Feeds

Facebook's open hardware: Does it compute?

Open hardware is not open source

Protecting against web application threats using SSL

Does Facebook need a server maker?

There are many lessons that the traditional server makers will immediately learn from the Facebook server designs and the Open Computer project.

The first thing is that hyperscale data center operators not only don't want to use general purpose machines, but to extract the most money from their businesses as possible, they can't use them. And that will not change as long as advertising on the Internet is a cut-throat business and consumers are unwilling to pay a lot of money for an application or a service (the difference is moot at this point). General purpose machines, with all that plastic and metal, with their service processors and wide variety of slots and peripheral options, are too expensive for Facebook, just as they have been for more traditional supercomputing cluster customers that have long-since preferred bare-bones boxes.

The second thing hyperscale Web customers - and maybe soon even enterprise and midrange shops - will figure out pretty damned quick is that once they have virtualized you server workloads and have high availability and failover built into your software stack, they won't need all those extra features either. And they will want the cheapo, minimalist servers, too. And they may not even go to the HPs, Dells, and IBMs of the world to get them. They may go straight to Quanta Computer for the motherboards, go straight to whoever is bending the metal for the chassis and the racks for Facebook, and go straight to disk and memory makers for those components, too.

It was telling that Dell's Data Center Solutions unit, which has been doing custom servers for four years and has been building bespoke machines for Facebook for the past three years, was at the event. While Forrest Norrod, vice president of Dell's server platforms, said that Dell was now building systems based on the two Facebook motherboards, he did not say that DCS was building servers for Facebook any more.

Now, extrapolate to those young upstart companies in the 20 top-growth economies of the world. Are they going to go for PowerEdge-C quasi-custom boxes from Dell, or ProLiant SL tray servers from HP, or iDataPlex servers from IBM, or will they watch carefully what Facebook does and just try to buy the cheapo boxes Facebook has designed at wholesale prices instead of retail? I think we know the answer to that question. Did China wire itself with land lines when it created a real economy a decade ago? No, China went straight to cell phones.

The question is will Open Compute actually foment a community of hardware designers and open source specs, especially when the community that is most in need of super-efficiency does not like to share information about their servers, storage, software, and data centers because this is, in actuality, the very essence of the company. I think the answer is, sorry to say, probably not. Hardware costs real money, but twiddling around with bits of open source code doesn't really cost open source coders anything.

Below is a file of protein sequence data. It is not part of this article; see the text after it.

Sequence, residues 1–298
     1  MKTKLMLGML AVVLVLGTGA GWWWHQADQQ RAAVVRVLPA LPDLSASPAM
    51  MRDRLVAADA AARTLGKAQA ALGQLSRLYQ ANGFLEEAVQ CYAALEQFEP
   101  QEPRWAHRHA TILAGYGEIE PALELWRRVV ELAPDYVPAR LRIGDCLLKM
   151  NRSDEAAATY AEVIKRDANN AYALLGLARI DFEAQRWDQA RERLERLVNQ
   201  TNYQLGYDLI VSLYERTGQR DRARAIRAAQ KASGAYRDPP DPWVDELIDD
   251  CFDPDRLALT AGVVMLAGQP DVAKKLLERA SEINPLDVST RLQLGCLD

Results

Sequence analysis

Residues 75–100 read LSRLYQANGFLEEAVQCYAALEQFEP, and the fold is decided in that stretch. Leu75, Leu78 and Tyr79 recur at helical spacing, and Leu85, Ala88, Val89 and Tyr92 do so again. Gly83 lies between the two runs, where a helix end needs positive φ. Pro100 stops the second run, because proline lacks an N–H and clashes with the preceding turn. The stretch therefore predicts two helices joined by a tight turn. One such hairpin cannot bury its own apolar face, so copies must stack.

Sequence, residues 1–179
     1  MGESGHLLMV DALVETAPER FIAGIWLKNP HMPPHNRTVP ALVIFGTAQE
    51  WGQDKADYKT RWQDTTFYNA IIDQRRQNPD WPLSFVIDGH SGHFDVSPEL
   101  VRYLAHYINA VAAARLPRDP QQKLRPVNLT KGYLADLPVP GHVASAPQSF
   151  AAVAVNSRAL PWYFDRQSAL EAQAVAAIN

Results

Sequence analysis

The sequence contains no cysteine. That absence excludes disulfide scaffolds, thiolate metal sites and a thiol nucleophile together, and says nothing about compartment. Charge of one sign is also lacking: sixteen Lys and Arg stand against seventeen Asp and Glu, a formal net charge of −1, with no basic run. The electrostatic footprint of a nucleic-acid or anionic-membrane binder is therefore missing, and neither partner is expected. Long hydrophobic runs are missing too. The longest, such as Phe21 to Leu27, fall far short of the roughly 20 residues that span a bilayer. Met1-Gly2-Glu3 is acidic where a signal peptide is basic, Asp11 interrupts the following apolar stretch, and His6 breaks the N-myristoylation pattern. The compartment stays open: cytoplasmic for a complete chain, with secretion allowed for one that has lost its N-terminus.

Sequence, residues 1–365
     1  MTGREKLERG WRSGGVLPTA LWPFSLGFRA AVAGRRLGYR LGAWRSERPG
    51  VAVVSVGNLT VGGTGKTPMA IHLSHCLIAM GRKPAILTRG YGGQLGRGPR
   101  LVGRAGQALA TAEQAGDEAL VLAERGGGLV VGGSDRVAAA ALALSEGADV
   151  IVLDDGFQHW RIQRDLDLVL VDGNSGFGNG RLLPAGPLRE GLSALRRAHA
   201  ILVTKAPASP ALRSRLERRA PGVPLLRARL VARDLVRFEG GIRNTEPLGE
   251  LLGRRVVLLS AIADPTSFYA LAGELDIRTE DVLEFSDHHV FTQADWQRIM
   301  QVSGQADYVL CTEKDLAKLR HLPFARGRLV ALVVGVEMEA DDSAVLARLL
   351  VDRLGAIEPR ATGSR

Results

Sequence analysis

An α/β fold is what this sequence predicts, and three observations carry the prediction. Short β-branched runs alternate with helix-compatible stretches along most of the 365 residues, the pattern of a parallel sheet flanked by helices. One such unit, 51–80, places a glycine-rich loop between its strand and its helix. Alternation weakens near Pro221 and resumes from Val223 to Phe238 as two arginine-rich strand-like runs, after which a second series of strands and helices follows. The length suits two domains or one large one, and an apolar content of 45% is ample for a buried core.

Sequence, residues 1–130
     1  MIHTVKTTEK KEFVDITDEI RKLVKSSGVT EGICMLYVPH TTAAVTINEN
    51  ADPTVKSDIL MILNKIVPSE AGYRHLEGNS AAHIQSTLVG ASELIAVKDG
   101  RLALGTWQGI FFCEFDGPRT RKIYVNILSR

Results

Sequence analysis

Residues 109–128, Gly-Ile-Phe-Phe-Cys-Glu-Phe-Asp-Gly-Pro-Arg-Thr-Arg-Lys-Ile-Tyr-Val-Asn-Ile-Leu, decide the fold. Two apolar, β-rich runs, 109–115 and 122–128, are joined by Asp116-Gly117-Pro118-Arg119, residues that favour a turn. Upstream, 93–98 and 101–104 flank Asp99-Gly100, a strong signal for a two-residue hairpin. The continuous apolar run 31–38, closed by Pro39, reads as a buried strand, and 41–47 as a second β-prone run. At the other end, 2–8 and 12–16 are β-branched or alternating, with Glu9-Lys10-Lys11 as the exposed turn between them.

Who knows? Perhaps service companies all around the world will spring up, bending metal and building Open Compute boxes and offering add-on tech support or other services for these machines. It would be a very interesting way to get some new players with new ideas into the server racket. At best, there might be one or two Open Compute distributors some day, but that might be just enough to change the server business from a push - buy what we got - to a pull - what do you want? ®

Choosing a cloud hosting partner with confidence

More from The Register

next story
Wanna keep your data for 1,000 YEARS? No? Hard luck, HDS wants you to anyway
Combine Blu-ray and M-DISC and you get this monster
Google+ GOING, GOING ... ? Newbie Gmailers no longer forced into mandatory ID slurp
Mountain View distances itself from lame 'network thingy'
US boffins demo 'twisted radio' mux
OAM takes wireless signals to 32 Gbps
Apple flops out 2FA for iCloud in bid to stop future nude selfie leaks
Millions of 4chan users howl with laughter as Cupertino slams stable door
Students playing with impressive racks? Yes, it's cluster comp time
The most comprehensive coverage the world has ever seen. Ever
Run little spreadsheet, run! IBM's Watson is coming to gobble you up
Big Blue's big super's big appetite for big data in big clouds for big analytics
Seagate's triple-headed Cerberus could SAVE the DISK WORLD
... and possibly bring us even more HAMR time. Yay!
prev story

Whitepapers

Secure remote control for conventional and virtual desktops
Balancing user privacy and privileged access, in accordance with compliance frameworks and legislation. Evaluating any potential remote control choice.
WIN a very cool portable ZX Spectrum
Win a one-off portable Spectrum built by legendary hardware hacker Ben Heck
Storage capacity and performance optimization at Mizuno USA
Mizuno USA turn to Tegile storage technology to solve both their SAN and backup issues.
High Performance for All
While HPC is not new, it has traditionally been seen as a specialist area – is it now geared up to meet more mainstream requirements?
The next step in data security
With recent increased privacy concerns and computers becoming more powerful, the chance of hackers being able to crack smaller-sized RSA keys increases.